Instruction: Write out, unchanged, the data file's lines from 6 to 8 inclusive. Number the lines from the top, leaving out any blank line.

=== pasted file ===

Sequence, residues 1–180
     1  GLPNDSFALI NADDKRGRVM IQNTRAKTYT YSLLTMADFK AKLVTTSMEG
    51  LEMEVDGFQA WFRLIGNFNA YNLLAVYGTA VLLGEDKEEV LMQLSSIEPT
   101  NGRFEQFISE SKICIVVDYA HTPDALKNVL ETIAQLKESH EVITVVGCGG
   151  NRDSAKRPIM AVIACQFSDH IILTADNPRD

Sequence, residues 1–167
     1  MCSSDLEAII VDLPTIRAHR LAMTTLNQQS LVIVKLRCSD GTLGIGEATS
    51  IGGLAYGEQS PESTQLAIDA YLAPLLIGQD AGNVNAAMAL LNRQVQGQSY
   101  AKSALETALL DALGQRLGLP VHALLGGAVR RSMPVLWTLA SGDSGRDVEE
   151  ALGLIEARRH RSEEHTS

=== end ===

Sequence, residues 1–167
     1  MCSSDLEAII VDLPTIRAHR LAMTTLNQQS LVIVKLRCSD GTLGIGEATS
    51  IGGLAYGEQS PESTQLAIDA YLAPLLIGQD AGNVNAAMAL LNRQVQGQSY